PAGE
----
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Sociology is one of Franklin College’s most popular majors. In part, because students can easily combine sociology with another major, like biology, journalism or math. Having a double major will make you more valuable and unique in the job market.
People, who love learning about other people, major in sociology. The sociology department faculty nurtures our students’ love of learning by encouraging them to study off-campus and overseas.
While some sociology graduates pursue advanced degrees, most immediately begin working after graduation – usually as police, parole and probation officers as well as business people, public servants and nonprofit employees. Sociology graduates prosper.
Criminal justice is a program offered within the sociology major. Students earn a sociology degree with an emphasis in criminal justice by taking courses on cops, courts, corrections and constitutional law (provided by political science faculty).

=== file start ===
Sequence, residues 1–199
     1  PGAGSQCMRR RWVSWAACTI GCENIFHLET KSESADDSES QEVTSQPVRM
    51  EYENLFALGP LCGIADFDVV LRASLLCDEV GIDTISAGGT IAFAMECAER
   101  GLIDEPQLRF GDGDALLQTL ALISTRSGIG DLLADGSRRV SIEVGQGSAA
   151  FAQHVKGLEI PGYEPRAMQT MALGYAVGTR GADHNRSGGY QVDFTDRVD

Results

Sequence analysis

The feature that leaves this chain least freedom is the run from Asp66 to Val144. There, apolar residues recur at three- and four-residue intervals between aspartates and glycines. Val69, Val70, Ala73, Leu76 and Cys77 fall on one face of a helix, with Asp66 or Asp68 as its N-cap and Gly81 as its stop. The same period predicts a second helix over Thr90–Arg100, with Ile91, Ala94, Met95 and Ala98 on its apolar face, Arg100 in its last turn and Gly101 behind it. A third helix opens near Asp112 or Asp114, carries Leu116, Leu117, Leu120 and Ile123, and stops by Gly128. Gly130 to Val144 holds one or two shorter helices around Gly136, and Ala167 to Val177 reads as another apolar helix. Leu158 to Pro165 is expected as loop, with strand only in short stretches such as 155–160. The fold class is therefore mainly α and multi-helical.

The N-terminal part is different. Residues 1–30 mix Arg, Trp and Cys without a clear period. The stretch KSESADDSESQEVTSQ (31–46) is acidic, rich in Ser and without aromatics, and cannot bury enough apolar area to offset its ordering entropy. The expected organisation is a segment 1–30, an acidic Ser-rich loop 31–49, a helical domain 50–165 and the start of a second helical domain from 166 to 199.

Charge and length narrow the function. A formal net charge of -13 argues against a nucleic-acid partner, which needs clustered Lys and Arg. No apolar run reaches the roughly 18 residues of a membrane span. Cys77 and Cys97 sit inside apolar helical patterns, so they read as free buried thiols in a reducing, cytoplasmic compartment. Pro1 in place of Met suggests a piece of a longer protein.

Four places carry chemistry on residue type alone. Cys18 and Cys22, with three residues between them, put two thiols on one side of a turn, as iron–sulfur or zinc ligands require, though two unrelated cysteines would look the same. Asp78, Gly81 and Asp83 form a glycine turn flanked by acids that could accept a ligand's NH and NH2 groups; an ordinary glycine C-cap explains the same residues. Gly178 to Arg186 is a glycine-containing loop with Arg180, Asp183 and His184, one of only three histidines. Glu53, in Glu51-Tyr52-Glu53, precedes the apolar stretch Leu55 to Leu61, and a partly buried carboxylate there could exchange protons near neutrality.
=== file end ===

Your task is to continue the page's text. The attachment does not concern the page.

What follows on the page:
The Nonprofit Leadership minor also resides within the Sociology Department. Sponsored by the sociology department, the Nonprofit Leadership major requires four courses on nonprofits as well as courses in leadership, sociology and business.
“The professors are what make Franklin College’s sociology department special. They are actually invested in my education, care about what I am thinking, and most of all want me to succeed.” – Kassidy Andrews’20
“Majoring in sociology has opened up a new perspective and lens I can use to see the world.” – Sam Burck ’18
“My sociology professors at Franklin College have encouraged me to pursue excellence confidently. They assure me there are no limitations when it comes to success, especially in a constantly changing world.” – Conner Holland ’20
“Switching my major my senior year of college has been one of the best decisions I’ve made. Yes, I thought it would be difficult transitioning from psychology to sociology and completing all the requirement, but my professors helped me adapt to the sociology department easily. Being a part of the sociology program, I gain a closer bond with my professors, and I enjoy learning about the different aspects of our society. I believe having a close relationship with my professors, outside of class, allowed me to understand the materials more and gave me the excitement of graduating in this professional field.” – Alexis Tarver ’18